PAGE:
Treatments

Spinal Cord Stimulation (Trial and Permanent Implant)

Definition
Spinal cord stimulation, also called neuromodulation, is a minimally invasive procedure that uses electrodes to reduce chronic nerve pain. During the procedure, small leads (medical wires) are placed around the area of reported pain, usually in the epidural space above the spinal cord. These leads produce electrical impulses that override pain signals being sent to the brain. Spinal cord stimulation is typically reserved for patients with severe neuropathic pain (i.e. radiculopathy, diabetic or peripheral neuropathy, complex regional pain syndrome (CRPS), etc.) that has not responded to other treatments for at least six months.

What To Expect
Before the permanent device can be implanted, patients must first undergo a trial procedure with a temporary stimulator. This provisional device allows patients to experience spinal cord stimulation. It also helps physicians determine whether or not the permanent device will be successful in relieving pain. During the permanent implantation, patients must lie face down so the surgical site can be properly sanitized for surgery. A TriState Pain Institute physician will administer conscious sedation and a local anesthetic to reduce discomfort throughout the operation.

Once the anesthetic has taken effect, an incision will be made in a predetermined location around the epidural space. A hollow needle is then placed into the incision where small leads will be inserted and implanted. Another small incision will be made for the implantable pulse generator (IPG), which will be positioned underneath the skin either in the buttocks or the abdomen. The incisions will be closed and the patient will be sent to a recovery room.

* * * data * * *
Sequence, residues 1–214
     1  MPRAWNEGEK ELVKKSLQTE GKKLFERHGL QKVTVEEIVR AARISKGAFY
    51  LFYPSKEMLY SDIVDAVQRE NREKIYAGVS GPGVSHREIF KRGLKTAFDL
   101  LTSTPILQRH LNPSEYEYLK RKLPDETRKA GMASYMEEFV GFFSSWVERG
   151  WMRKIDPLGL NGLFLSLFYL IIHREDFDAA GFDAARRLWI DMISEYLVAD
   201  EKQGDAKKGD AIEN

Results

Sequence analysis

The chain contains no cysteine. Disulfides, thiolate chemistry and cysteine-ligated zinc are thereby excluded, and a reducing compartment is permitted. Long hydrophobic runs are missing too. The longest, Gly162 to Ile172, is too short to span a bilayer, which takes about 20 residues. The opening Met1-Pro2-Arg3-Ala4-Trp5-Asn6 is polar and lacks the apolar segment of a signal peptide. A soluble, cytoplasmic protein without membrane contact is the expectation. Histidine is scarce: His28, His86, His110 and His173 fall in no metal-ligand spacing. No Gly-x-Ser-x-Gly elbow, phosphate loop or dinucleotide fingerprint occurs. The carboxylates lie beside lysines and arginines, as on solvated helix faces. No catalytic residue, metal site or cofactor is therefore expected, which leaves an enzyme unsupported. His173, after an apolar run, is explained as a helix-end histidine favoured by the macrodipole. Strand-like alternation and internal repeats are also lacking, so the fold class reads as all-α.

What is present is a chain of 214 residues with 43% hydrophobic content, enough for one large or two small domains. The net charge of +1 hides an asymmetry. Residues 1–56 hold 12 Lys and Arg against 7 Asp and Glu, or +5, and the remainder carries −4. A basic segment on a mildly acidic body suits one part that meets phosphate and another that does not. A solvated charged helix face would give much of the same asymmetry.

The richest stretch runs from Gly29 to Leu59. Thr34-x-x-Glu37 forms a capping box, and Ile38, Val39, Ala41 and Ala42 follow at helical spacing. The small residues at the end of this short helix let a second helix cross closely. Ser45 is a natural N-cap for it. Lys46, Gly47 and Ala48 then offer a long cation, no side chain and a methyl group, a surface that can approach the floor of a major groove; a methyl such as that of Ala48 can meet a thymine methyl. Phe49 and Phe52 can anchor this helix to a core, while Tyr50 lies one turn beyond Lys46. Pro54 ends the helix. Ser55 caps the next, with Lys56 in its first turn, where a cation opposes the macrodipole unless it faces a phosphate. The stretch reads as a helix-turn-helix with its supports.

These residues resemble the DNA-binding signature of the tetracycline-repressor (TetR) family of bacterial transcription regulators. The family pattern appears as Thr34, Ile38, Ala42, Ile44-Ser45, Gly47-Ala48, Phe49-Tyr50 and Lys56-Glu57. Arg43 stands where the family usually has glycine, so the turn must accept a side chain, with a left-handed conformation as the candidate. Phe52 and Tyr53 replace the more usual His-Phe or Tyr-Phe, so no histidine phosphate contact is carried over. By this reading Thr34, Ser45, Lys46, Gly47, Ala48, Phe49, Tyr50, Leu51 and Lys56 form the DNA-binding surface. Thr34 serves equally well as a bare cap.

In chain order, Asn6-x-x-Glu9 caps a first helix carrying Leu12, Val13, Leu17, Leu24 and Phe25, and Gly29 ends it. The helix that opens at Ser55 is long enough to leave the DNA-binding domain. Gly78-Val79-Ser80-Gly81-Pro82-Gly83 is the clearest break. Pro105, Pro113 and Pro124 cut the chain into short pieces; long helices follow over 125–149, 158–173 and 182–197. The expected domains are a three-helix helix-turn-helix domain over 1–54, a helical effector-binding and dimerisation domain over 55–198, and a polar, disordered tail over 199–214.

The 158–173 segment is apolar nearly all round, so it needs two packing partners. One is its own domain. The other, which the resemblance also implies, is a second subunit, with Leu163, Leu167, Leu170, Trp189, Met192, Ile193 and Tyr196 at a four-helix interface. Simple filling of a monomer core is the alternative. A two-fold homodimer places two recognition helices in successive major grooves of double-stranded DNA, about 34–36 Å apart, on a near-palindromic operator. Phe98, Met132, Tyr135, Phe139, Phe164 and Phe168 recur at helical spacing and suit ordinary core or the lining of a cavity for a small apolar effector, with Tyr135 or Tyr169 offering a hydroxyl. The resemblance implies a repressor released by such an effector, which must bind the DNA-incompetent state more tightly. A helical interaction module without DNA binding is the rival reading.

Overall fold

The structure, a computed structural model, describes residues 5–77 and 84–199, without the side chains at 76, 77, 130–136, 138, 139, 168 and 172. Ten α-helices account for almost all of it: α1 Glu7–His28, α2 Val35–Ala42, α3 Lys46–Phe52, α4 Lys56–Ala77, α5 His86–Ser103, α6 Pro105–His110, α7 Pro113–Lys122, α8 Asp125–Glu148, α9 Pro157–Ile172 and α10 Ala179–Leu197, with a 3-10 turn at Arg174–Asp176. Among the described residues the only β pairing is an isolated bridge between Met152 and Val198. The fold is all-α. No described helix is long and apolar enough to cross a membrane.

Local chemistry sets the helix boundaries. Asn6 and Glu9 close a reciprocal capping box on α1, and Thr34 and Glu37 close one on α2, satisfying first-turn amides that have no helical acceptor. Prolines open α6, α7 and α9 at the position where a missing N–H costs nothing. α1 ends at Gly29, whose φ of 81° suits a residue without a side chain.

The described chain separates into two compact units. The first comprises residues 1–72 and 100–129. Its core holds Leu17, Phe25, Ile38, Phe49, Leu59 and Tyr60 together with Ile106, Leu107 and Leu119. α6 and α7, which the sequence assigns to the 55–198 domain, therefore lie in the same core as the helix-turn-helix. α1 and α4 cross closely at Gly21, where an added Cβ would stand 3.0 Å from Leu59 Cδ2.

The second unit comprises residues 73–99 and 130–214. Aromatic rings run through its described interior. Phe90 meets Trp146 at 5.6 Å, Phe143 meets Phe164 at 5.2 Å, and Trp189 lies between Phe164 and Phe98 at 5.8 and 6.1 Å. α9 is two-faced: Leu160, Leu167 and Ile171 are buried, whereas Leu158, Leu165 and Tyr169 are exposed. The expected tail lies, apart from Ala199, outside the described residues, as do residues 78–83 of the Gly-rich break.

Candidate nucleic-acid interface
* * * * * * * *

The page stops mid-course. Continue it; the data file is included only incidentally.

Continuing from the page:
Post-Procedural Care
Following the permanent implantation, a TriState Pain Institute physician will program the internal IPG with an external wireless programmer. During this time, the patient will be taught how to turn the system on or off, adjust the power, and choose different programs. Swelling and mild discomfort around the surgical site is normal and should dissipate after several days. Patients who develop a fever, rash, or experience increased bleeding should call TriState Pain Institute right away. Because this is an outpatient procedure that requires anesthesia, patients will need to driven home after their surgery. Normal activities can be resumed after several days.

 

See all treatments

Get tips on managing pain in the latest edition of Pain News

Download